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New Literary History 38.3 (2007) 411-418

Biocultures Manifesto
Lennard J. Davis
David B. Morris

It was still a radical premise when New Literary History started in 1969 that the analysis of literature needed to consider history and culture. The stand-alone, value-free model of New Criticism made earlier attempts to historicize literature or to place specific literary works in their cultural context seem old-fashioned. Today, by contrast, it is commonplace to see literary texts illuminated through a study of history and culture, while numerous theoretical perspectives, from feminisms to cognitive poststructuralism, have enriched our understanding of both history and culture. Literary history, in this sense, lends itself to continuous reinvention. So at the beginning of the twenty-first century, we make a new (but perhaps in a while old) and counterintuitive (but perhaps destined to be commonplace) proposal: that culture and history must be rethought with an understanding of their inextricable, if highly variable, relation to biology. The general name for this phenomenon we call "biocultures."

Biology—serving at times as a metaphor for science—is as intrinsic to the embodied state of readers and of writers as history and culture are intrinsic to the professional bodies of knowledge known as science and biology. To think of science without including an historical and cultural analysis would be like thinking of the literary text without the surrounding and embedding weave of discursive knowledges active or dormant at particular moments. It is similarly limited to think of literature—or to engage in debate concerning its properties or existence—without considering the network of meanings we might learn from a scientific perspective.

Combined, these propositions link with a more synthetic argument: that the biological without the cultural, or the cultural without the biological, is doomed to be reductionist at best and inaccurate at worst. Make no mistake; we are not aiming to revive the so-called (or Sokal-ed) science wars. The aim of that moment falsely pitted social constructionism against science. Social constructionism is self-limited and inaccurate if it implies that social facts may be entirely dissociated from biological facts. We seek instead, for their mutual benefit, to join the biological and the cultural. [End Page 411]

At the outset, this aim will seem most alien to the two groups who most need it—humanists and scientists. Humanists may respond that they are doing very well, thank you, without needing to clog their intellectual arteries with discussions of functional magnetic resonance imaging technologies and debates about the future of the human genome. It will seem obvious to them that reading Paradise Lost could hardly require knowledge of the circulatory system or the basal ganglia. (Although surely Milton's blindness is more than merely a literary theme.) They will rightly explain that Oliver Twist makes most sense when you understand the Reform laws but not particularly when you bring in the rise of comparative anatomy. (Although surely children, oppressed by child labor laws, are constructed as much by the incomplete development of brain and bone and tissue as by ideologies of childhood.)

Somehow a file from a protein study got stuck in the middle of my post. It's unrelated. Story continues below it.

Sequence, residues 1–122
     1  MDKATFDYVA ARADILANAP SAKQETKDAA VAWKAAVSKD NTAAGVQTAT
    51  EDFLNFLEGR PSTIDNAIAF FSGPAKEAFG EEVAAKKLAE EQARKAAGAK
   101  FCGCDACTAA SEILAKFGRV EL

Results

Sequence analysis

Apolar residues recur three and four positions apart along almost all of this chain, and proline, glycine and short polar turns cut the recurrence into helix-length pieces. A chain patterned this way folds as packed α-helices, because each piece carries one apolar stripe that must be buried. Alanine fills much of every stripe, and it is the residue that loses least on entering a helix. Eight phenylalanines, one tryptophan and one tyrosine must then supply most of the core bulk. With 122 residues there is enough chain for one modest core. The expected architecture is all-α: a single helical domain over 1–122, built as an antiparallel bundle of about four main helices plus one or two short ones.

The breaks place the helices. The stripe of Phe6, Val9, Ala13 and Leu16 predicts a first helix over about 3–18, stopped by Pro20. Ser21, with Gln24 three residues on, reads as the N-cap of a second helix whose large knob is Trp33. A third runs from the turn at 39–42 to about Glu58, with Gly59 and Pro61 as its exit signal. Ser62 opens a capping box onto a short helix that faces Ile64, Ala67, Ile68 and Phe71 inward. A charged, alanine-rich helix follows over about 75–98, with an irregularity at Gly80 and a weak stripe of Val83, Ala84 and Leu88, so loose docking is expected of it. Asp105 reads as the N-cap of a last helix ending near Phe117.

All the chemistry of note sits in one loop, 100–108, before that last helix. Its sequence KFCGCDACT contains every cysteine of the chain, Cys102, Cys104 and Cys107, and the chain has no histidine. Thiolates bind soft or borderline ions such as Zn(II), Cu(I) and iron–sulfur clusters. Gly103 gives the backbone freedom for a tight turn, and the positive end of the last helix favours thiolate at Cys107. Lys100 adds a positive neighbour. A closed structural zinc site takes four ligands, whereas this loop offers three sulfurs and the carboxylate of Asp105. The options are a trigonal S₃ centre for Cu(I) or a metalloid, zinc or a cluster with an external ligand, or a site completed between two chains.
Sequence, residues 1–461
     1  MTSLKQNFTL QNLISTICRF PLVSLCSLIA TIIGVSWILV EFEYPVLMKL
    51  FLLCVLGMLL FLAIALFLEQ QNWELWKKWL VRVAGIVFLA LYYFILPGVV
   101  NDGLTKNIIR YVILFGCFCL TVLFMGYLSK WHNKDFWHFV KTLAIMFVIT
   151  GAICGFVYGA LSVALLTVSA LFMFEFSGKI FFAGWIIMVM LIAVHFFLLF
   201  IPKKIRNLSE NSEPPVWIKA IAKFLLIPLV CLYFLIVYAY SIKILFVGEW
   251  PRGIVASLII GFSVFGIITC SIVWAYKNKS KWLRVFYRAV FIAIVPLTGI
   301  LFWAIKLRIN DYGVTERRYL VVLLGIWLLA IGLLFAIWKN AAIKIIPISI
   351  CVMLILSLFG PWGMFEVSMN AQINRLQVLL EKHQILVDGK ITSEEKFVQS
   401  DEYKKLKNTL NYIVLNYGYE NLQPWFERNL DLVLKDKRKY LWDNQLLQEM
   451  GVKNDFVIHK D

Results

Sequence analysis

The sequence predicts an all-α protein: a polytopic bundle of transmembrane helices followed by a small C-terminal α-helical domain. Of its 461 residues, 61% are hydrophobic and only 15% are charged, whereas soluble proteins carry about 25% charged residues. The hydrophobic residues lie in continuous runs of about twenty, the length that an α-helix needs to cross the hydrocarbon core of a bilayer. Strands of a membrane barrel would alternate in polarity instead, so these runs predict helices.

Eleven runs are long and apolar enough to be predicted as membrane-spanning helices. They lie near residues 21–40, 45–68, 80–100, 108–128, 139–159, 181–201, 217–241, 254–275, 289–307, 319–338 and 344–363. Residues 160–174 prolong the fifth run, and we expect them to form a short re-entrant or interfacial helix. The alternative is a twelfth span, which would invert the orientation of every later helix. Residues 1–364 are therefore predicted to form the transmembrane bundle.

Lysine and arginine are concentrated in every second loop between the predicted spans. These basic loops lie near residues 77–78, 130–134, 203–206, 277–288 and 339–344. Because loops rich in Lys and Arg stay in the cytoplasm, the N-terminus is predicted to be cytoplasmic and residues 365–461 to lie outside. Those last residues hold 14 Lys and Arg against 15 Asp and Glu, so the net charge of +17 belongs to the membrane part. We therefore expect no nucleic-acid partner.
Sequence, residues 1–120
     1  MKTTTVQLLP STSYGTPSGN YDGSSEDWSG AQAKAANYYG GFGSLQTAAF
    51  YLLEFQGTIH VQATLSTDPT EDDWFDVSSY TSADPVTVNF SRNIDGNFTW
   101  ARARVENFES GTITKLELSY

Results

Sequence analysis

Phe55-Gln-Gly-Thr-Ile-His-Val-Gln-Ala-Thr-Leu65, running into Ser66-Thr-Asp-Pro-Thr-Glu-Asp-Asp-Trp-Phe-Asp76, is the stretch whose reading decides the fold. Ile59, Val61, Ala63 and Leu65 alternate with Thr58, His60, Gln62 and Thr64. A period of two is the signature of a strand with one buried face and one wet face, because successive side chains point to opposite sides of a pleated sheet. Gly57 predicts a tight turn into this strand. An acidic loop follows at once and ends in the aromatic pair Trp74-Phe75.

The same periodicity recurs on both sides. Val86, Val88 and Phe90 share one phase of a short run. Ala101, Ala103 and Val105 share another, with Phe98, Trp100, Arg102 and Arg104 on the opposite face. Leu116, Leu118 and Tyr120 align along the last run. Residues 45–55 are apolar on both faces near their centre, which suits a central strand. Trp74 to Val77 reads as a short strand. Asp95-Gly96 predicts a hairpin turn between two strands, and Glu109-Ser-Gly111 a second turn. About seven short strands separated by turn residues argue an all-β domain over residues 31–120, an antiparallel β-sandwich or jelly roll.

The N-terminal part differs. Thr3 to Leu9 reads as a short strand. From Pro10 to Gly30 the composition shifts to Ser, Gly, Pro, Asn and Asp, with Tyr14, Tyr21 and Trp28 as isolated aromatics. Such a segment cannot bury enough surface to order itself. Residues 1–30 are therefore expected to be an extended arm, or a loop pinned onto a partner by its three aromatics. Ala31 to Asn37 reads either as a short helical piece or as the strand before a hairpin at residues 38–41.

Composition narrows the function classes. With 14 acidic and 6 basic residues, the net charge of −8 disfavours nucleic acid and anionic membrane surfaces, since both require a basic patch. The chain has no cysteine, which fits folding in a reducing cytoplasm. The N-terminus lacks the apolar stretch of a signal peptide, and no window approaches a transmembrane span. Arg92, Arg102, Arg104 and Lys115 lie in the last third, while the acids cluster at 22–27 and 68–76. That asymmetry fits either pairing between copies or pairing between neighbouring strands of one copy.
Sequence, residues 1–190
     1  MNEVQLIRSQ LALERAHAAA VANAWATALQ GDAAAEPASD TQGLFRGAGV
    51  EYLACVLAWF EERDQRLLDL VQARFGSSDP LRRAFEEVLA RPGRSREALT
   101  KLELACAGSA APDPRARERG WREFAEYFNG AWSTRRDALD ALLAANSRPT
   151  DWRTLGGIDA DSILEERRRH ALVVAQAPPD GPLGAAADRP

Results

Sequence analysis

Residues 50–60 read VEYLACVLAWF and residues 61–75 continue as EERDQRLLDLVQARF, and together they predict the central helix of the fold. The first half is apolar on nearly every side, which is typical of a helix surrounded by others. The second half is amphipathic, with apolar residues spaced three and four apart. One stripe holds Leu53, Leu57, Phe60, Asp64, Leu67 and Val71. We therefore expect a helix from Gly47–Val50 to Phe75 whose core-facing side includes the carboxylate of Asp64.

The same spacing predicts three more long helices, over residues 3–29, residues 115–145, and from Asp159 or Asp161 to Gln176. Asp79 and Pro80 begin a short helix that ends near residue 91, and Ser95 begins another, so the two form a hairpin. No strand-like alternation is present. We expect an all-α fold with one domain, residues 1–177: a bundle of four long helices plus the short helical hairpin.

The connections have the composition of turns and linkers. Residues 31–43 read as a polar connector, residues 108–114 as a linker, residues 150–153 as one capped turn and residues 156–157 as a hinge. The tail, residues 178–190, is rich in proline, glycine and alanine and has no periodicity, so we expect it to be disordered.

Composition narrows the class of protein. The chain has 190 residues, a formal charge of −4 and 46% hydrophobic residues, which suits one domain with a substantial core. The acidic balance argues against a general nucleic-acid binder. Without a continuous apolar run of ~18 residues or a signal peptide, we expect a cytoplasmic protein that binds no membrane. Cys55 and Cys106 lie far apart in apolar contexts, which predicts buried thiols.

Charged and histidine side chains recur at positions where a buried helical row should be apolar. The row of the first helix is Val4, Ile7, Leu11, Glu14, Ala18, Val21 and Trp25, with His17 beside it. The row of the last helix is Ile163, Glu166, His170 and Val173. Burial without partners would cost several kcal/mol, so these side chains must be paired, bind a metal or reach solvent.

Likewise, clinicians and scientists will perhaps acknowledge that reading novels and poems might contribute to one's being a well-rounded person, but probably wouldn't contribute much to the design of an experiment nor help a surgeon perform a triple bypass, even if the patient happens to be an English professor (although she could point out, from a cultural perspective, that coronary artery bypass surgery did not exist before the 1960s, that it is now performed on half a million Americans annually, and that presumably very few of them are among the 16 percent of U. S. citizens—a percentage far larger among minorities—who are not covered by health insurance).

So it would seem that C. P. Snow's lament about the two cultures—forever wedded by inverse dialectical relations but doomed to sleep in separate bedrooms—must be sadly acknowledged.

Or not.

We want to use the occasion of this special issue of New Literary History to send forth...


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